Thursday, 28 March 2013

Under the Lion's Paw Analysis

Here's the reflective analysis that involved writing with an emotional draw. (But hah for Garland, he did not get me; I saw through it, and here you are.)

Evaluate the Menacing Before Rushing

            Lions are menacing, and it would be terrible indeed to be under one’s paw.  Oppression would turn to depression, and any ambitious hopes of life that had previously stirred would abruptly halt.  Desperation would also be prevalent in this scene, but from whose point?  We do not always perceive what we think we perceive, and whether others should sympathize with the lion or the one under the paw remains to be seen.  Can we always be sure as to who should be justified?  Hamlin Garland’s short story, “Under the Lion’s Paw” (written in 1889 and published in 1891), follows the plight of a young family through three years of exceedingly difficult toil. A short story portraying his skill pertaining to using emotion, Garland (1860-1940), who grew up in rural poverty and later moved to Boston to escape the deserted farm life, wrote powerful realism, which flows directly from his experiences (Baym 736).

              Opening with a man plowing on the “last day of autumn and the first day of winter,” readers are introduced to the feature family, the Haskins, who arrive at a door in Iowa, hoping for shelter for the night (Baym 737).  The Councils, a friendly, near elderly couple, accept the family with open arms, and help Haskins find farm work under a certain Mr. Jim Butler.  After working to improve the land for a seemingly endless three years, Haskins endeavors to discuss buying the farm. However, the betterment of his once property has not gone unnoticed by Butler, and he sets the value of the farm at a considerably higher price than before.  Haskins, angry because he feels cheated, threatens Butler, who “backs off in wild haste” (Baym 746).
               While reading Garland’s story, I smiled at his vivid descriptions of work.  Garland’s Realism is evident in that for something to be realistic, it should provoke thoughts and images of the essence that is being described.  When my family bought a farm, it was not as in such a state as Butler’s land, but we did have to improve it, and various parts from this story brought many instances of extensive projects to mind. Haskins not only worked fiendishly, but he “rose early and toiled without intermission till the darkness fell on the plain, then tumbled into bed, every bone and muscle aching with fatigue, to rise with the sun the next morning to the same round of the same ferocity of labor” (Baym 742).   I understand the cycle of rising early and working followed by fatigue and tumbling into bed.  Garland wrote realism depicting realistic images that provoke powerful pictures and irreversible memories.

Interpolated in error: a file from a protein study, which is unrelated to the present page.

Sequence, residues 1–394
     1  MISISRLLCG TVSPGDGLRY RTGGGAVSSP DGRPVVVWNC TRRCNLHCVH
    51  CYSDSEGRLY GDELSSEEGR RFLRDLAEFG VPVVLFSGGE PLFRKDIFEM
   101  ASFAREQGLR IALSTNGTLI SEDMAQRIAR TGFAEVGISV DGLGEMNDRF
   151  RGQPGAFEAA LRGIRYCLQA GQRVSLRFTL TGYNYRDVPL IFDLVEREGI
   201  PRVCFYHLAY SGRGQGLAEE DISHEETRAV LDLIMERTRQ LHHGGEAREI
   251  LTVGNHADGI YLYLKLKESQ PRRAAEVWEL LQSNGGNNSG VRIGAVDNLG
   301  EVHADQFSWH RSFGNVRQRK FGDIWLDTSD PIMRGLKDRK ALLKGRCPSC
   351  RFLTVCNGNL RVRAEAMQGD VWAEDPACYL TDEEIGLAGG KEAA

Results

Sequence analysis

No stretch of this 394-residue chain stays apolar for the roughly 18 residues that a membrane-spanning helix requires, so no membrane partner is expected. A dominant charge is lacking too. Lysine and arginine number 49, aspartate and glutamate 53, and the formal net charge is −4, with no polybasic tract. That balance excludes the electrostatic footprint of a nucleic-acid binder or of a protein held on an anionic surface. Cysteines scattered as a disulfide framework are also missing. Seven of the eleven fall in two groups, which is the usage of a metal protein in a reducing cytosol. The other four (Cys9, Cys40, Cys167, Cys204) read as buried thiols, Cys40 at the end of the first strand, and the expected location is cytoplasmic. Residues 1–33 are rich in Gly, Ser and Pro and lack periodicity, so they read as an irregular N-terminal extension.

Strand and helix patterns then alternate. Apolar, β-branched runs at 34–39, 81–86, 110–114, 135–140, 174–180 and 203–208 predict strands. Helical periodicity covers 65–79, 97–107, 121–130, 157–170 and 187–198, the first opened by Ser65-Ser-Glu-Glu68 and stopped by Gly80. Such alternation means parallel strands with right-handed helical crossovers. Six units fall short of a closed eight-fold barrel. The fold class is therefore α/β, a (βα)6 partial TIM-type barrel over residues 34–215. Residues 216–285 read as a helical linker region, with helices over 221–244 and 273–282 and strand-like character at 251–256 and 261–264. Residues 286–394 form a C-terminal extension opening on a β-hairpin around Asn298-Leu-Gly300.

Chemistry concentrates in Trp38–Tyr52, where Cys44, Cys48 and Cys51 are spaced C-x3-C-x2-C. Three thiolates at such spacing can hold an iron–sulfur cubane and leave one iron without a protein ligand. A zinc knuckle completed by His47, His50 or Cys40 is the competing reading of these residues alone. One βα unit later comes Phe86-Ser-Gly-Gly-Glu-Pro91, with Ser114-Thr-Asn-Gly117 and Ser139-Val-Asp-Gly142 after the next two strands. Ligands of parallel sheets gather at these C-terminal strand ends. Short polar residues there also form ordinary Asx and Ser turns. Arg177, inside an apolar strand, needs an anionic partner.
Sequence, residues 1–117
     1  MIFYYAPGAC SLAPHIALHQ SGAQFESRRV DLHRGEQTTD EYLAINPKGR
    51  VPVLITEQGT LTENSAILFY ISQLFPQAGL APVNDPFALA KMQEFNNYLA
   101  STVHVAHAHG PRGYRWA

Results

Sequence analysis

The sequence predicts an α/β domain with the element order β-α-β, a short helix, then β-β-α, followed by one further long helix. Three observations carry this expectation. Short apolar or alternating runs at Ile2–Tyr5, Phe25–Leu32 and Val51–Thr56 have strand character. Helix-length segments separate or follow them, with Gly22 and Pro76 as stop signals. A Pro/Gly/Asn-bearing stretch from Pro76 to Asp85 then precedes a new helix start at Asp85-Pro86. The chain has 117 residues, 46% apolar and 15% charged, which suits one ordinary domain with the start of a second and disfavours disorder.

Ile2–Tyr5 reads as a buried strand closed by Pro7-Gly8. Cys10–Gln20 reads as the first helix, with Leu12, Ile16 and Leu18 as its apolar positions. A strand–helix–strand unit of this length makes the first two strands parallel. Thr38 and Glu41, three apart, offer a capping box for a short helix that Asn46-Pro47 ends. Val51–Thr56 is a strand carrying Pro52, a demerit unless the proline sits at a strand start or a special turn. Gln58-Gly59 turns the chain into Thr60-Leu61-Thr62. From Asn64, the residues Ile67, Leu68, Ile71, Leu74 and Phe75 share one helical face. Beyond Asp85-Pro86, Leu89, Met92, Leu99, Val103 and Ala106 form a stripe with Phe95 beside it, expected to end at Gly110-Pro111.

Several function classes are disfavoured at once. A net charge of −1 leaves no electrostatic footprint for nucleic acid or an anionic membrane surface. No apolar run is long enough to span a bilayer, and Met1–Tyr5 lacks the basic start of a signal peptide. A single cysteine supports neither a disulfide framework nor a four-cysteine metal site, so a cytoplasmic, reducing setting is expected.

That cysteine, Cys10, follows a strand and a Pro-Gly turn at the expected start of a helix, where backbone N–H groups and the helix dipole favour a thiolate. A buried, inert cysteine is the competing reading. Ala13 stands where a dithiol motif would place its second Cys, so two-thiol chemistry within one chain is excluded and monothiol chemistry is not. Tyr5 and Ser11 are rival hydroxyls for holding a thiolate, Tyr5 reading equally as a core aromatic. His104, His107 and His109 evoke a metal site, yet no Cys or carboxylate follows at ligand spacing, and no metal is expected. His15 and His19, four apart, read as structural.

As a reader on the outside looking in to the characters and their lives, I failed to notice one detail, but I read to the end and was quite upset at Butler for not being rational. I perceived that Haskins, who toiled fiendishly, should be rewarded with a reasonable consequence, that is, a fair price for the land he worked for.  The story ends with Butler announcing the price to be three times what he had originally stated, which made me slightly upset, and I thought him a scheming nemesis of healthy labor until I noticed Garland’s subtle message.  In that particular age, writers portrayed farmers as a lower class, which involves provoking emotional sympathy for the situation of the lower-class farmer, Haskins (Smith 248).  However, as I thought about Haskins and Butler while driving home one day, Garland was suddenly the sneaky one. He had used writing techniques of familiarity, sympathy, and relation in order to place my favor upon Haskins, when in actuality, Butler is justified in his actions.  Though Haskins had toiled three years, Butler reserved the right to place any price on his land, regardless of whether or not he was “wearin' out his pants on some salt barrel somewears” (Baym 741).

                I read the piece, enjoyed the piece, and will probably recall the piece when doing some sort of work that falls under the category of toil. Garland's descriptions were exceedingly colorful, and the pictures he presented were expressly clear that I could not help wonder if something was hidden under each piece of clarity.  However, I do not think this piece will rest in a forgetful area of my mind, most certainly because it possesses realism of genuine origins.

                A story that captivates because of its mark of struggle, “Under the Lion's Paw” is a tale of one striving to rise above.  Oftentimes, readers cheer for the so-called little man, and Garland took advantage of this in that he wrote clearly and realistically, but he also allowed readers to take an armed stance with one character (Haskins) while not advancing the case of the other. Historical contexts are important, and Garland realized that, in writing realism, it was easier to capture a person's emotions rather than his or her sense of perception.  The lion may seem menacing, but we must be willing to evaluate before we rush to the side of the one under his paw.

Baym, Nina. The Norton Anthology of American Literature. 8th ed. Vol. C. New York: Norton, 1998. Print.
Smith, Henry Nash. Virgin Land; the American West as Symbol and Myth. Cambridge: Harvard UP,     1950. Print.

Thanks for reading!

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